New York, Aug 18 (IANS) An international team of paleobotanists has identified a 125-130 million year old freshwater plant as one of earliest flowering plants on Earth.
This aquatic plant named Montsechia vidalii once grew abundantly in freshwater lakes in what are now mountainous regions in Spain.
Fossils of the plant were first discovered more than 100 years ago in the limestone deposits of the Iberian Range in central Spain and in the Montsec Range of the Pyrenees, near the country’s border with France.
The study led by Indiana University (IU) paleobotanist David Dilcher and colleagues in Europe represents a major change in the presumed form of one of the planet’s earliest flowers known as angiosperms.
Â“This discovery raises significant questions about the early evolutionary history of flowering plants, as well as the role of these plants in the evolution of other plant and animal life,Â” explained Dilcher, emeritus professor in the IU’s Bloomington college of arts and sciences.
In terms of appearance, Montsechia resembles its most modern descendent, identified in the study as Ceratophyllum.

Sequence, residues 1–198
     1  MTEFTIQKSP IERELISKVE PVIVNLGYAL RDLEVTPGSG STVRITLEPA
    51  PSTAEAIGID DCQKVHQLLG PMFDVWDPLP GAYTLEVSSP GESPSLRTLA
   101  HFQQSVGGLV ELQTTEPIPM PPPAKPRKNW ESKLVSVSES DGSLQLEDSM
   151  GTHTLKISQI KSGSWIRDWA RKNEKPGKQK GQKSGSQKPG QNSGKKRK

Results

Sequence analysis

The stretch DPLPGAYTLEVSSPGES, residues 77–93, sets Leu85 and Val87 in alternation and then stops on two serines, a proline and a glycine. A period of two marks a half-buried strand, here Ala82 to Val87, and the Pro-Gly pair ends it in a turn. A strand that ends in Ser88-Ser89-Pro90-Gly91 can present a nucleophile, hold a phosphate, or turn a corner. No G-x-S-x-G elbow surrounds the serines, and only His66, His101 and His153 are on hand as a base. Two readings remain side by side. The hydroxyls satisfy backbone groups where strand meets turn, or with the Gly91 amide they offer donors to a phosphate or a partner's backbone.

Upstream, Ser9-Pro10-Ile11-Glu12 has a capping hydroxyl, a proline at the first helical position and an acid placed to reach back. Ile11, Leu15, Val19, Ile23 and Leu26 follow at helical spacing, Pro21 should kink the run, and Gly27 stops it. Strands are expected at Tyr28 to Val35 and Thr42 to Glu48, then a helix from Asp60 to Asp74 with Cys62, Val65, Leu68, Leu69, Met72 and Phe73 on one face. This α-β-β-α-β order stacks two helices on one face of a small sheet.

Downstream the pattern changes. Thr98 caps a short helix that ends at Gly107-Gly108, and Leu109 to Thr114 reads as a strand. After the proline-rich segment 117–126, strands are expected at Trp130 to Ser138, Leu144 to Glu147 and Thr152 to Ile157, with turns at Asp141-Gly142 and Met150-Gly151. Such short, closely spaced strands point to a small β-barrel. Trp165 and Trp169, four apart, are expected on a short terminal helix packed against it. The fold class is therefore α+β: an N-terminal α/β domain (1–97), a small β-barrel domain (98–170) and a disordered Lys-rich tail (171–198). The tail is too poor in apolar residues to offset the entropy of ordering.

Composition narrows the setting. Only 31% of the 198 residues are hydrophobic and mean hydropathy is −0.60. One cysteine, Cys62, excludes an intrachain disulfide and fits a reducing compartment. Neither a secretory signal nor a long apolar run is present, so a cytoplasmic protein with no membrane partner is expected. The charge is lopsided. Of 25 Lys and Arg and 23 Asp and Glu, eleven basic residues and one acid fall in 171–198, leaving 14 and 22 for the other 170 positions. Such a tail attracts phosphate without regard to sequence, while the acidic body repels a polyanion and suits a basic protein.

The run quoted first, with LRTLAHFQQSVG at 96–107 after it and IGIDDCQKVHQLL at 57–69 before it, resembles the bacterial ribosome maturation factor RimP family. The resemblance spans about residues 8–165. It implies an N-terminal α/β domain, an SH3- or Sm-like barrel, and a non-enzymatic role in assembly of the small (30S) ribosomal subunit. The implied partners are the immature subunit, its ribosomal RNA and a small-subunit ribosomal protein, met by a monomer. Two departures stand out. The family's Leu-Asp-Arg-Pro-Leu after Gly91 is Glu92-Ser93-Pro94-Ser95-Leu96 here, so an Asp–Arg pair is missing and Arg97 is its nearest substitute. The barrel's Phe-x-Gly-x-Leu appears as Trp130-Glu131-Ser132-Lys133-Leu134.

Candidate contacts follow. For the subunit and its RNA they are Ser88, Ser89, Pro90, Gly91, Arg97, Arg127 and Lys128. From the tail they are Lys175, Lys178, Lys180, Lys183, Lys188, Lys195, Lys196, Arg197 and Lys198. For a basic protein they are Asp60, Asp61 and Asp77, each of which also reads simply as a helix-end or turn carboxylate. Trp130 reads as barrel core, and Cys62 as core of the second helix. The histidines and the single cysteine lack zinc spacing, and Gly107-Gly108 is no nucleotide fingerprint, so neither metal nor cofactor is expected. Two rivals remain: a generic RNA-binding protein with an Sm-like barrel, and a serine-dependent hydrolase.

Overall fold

Also known as coontails or hornworts, Ceratophyllum is a dark green aquatic plant whose coarse, tufty leaves make it a popular decoration in modern aquariums and koi ponds.
Also previously proposed as one of the earliest flowers is Archaefructus sinensis, an aquatic plant found in China.
Â“A ‘first flower’ is technically a myth, like the ‘first human’. But based on this new analysis, we know now that Montsechia is contemporaneous, if not more ancient, than Archaefructus,Â” Dilcher added.
The conclusions are based upon careful analyses of more than 1,000 fossilised remains of Montsechia.
The stems and leaf structures were coaxed from stone by applying hydrochloric acid on a drop-by-drop basis.
The age of the plant at 125-130 million years is based upon comparisons to other fossils in the same area notably the freshwater algae charophytes.
Montsechia possesses no obvious Â“flower partsÂ” such as petals or nectar-producing structures for attracting insects and lives out its entire life cycle under water.
Â“The fruit contains a single seed — the defining characteristic of an angiosperm — which is borne upside down,Â” Dilcher added.
Â“The reinterpretation of these fossils provides a fascinating new perspective on a major mystery in plant biology,” noted Donald H Les, professor of ecology and evolutionary biology at University of Connecticut.
The finding were reported in the journal Proceedings of the National Academy of Sciences.